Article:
He is the reigning Norris trophy winner and current leader in points by defencemen. That being said, according to information gathered by TSN Insider Darren Dreger, P. K. Subban of the Montreal Canadiens is a ‘long shot’ to play for Team Canada at the 2014 Winter Olympics in Sochi, Russia.
If I were picking the CDN Oly team, Subban would be on it. Based on intel gathered, at this pt, he's a longshot…behind Boyle and Letang.
— Darren Dreger (@DarrenDreger) October 31, 2013
According to Dreger’s tweet, Subban is held in lower favour than fellow offensively inclined right-handed defencemen Dan Boyle of the San Jose Sharks and Kris Letang of the Pittsburgh Penguins. Boyle was a contributing member of the Canadian men’s team that won gold in Vancouver 2010. That may give him the inside track.
The hardest part about arguing which player(s) should be on a team as deadly in depth as Team Canada is – well then who do you leave off allowing room for Subban?
At the moment, there are three widely accepted locks on Canada’s blue line. Drew Doughty, Shea Weber and Duncan Keith are practically guaranteed to be there. They can do it all – strong defensively – great offensively – and this trio played big minutes along with Boyle, Pronger and Niedermayer in 2010.
Brent Seabrook of the Chicago Blackhawks was the seventh defenceman in Vancouver. If anything, he has improved since then. Seabrook put on an incredible display of dominance in the 2013 Stanley Cup playoffs en route to a Hawks Cup victory. While it can be argued that Boyle, Letang and Subban are offensively more effective than the Hawks big blueliner, lest we not forget that Seabrook has proven himself a capable scorer in big games, like this one and this one.
How do you leave off a two-time Stanley Cup champion, 1-time Olympic gold medalist who is 6’3″, plays with a mean streak, and moves around the ice as well as most smaller, mobile defencemen? You probably don’t. Seabrook is very likely rounding out the top four on Canada’s defence, playing alongside his familiar partner Duncan Keith.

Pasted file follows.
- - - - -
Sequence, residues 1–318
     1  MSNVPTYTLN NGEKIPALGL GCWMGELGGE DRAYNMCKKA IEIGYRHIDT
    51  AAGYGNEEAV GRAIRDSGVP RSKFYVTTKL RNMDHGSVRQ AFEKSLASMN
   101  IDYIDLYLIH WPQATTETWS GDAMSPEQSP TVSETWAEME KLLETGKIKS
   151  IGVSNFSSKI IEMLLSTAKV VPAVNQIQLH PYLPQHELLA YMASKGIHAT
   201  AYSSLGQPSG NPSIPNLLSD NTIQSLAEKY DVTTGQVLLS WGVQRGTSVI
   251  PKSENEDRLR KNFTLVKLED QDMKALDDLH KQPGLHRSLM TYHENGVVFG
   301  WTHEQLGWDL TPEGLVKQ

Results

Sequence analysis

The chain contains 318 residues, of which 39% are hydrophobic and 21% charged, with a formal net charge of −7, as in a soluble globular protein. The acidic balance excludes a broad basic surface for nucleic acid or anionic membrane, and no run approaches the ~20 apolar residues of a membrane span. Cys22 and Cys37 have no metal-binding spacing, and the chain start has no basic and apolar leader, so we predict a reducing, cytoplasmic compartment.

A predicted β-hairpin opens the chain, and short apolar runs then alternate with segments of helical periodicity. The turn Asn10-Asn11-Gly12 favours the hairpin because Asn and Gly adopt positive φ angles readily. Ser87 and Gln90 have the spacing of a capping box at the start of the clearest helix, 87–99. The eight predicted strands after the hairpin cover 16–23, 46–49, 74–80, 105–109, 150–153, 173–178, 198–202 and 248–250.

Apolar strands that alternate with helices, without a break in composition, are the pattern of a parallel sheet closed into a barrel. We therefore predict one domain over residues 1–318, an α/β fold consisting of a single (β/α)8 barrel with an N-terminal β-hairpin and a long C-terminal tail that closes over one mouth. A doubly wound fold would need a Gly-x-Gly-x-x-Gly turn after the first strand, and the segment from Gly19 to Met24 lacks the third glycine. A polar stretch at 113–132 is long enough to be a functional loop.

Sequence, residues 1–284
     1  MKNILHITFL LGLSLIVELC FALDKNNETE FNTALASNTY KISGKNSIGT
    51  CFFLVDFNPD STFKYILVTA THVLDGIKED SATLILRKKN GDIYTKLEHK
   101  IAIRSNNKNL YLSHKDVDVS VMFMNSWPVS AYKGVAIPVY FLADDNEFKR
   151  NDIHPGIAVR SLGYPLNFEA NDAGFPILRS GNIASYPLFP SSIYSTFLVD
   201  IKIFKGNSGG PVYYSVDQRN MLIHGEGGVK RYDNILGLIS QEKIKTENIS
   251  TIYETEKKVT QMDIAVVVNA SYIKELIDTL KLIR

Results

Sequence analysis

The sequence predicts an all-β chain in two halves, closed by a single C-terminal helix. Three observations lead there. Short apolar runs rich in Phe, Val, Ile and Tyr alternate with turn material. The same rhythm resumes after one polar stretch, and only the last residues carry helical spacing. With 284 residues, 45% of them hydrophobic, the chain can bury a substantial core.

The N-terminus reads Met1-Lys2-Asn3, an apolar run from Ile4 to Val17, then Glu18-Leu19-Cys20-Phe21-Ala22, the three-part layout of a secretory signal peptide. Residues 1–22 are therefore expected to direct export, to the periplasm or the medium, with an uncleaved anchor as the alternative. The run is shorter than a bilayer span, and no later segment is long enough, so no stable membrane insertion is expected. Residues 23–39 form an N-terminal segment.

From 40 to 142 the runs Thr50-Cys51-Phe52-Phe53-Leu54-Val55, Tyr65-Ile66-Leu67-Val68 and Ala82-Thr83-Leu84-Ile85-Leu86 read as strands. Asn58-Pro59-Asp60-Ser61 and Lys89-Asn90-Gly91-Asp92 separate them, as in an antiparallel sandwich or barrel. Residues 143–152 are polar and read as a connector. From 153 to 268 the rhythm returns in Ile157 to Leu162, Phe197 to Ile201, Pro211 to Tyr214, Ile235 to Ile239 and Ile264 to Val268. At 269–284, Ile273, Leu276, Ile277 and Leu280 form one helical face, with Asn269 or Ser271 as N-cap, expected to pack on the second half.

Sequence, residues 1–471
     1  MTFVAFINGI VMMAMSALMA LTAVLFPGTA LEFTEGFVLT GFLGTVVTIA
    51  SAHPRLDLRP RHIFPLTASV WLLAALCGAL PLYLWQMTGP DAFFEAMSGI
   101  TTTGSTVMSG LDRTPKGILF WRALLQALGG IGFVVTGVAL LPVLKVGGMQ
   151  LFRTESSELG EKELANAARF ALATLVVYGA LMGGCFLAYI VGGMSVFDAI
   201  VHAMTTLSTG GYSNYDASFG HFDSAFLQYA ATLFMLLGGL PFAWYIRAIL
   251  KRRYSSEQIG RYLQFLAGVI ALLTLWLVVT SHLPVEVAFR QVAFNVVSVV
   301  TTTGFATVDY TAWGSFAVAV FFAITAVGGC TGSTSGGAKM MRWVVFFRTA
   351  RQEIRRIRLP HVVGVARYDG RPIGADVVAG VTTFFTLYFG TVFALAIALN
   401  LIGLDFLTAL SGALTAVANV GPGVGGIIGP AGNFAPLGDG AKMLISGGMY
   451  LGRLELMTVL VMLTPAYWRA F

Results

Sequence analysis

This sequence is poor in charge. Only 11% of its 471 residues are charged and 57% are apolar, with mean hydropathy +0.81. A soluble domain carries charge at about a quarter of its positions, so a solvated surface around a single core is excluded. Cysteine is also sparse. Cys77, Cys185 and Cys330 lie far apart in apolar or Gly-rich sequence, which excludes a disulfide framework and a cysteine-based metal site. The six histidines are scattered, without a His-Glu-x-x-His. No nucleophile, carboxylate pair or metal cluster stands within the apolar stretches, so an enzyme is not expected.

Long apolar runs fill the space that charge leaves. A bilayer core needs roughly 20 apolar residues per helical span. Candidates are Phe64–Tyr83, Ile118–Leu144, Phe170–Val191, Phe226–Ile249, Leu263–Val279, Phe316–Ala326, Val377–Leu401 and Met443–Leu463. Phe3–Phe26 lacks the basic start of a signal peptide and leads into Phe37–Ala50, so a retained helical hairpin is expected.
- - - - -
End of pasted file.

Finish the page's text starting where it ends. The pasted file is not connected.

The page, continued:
The biggest issue with Canada’s defence options for the 2014 Winters’ is that aside from Duncan Keith, all the favourites to make the team are right handed shots. At the moment, Weber, Doughty, Seabrook, Boyle, Letang, Subban, and the highly touted Alex Pietrangelo all shoot right. Which means while maintaining offensive pressure this group would feature multiple defenders forced to hold the line on their off-wing. That could lead to a scenario where someone like Letang or Subban may be forced to attempt a keep-in on his backhand against a player like Alex Ovechkin or Patrick Kane. That is risky business in a tournament where one bad goal gets you eliminated. And the opposition is certainly talented enough to burn Canada on an odd man rush going the other way.
Duncan Keith shoots left. He stands alone as the only obvious choice on defence who is best suited to play the left side.
Other lefties Jay Bouwmeester, Marc Staal and Marc Edouard Vlasic could factor in simply because of the hand they shoot. Bouwmeester is helped by the fact that he regularly skates his NHL shifts with Pietrangelo. Canada has proven in the past to prefer pairs if they can find good ones. Keith and Seabrook in 2010, Pronger and Macinnis in 2002 – it could happen again.
Narrowing the blueline down to 7 or 8 will not be easy, that is for sure. There may not be a place for all three of Boyle, Letang and Subban. If only one can make it, perhaps Boyle is first choice because he has been there before. Maybe it’s Letang because he’s more of a 5-on-5 threat offensively, although you could argue he is more of a liability. But Letang has the Crosby connection, which may help his cause. Or it could be Subban they choose because he has one of the best point shots in hockey. The worry for Subban is that if it’s his point shot that earns him favour, he competes with Shea Weber for the right to play big shot righty on Canada’s main power play. Subban is good, but Weber is just as good if not better from the point. Plus, Weber is better known as an effective defensive player.
Luckily, personal team biases aside, any collection of players mentioned above can unite to form a defence corps that is more than capable of winning gold for Canada at the 2014 Winter Olympics. If Subban makes the team, I won’t be worried. If he doesn’t, ditto. Whereas Team Canada’s goaltending depth at the high-end may be in question this year, you cannot argue weakness amongst their unbelievable crop of defencemen. At least one very good NHL blueliner will probably not play for the 2014 Canadian men’s hockey team in Sochi.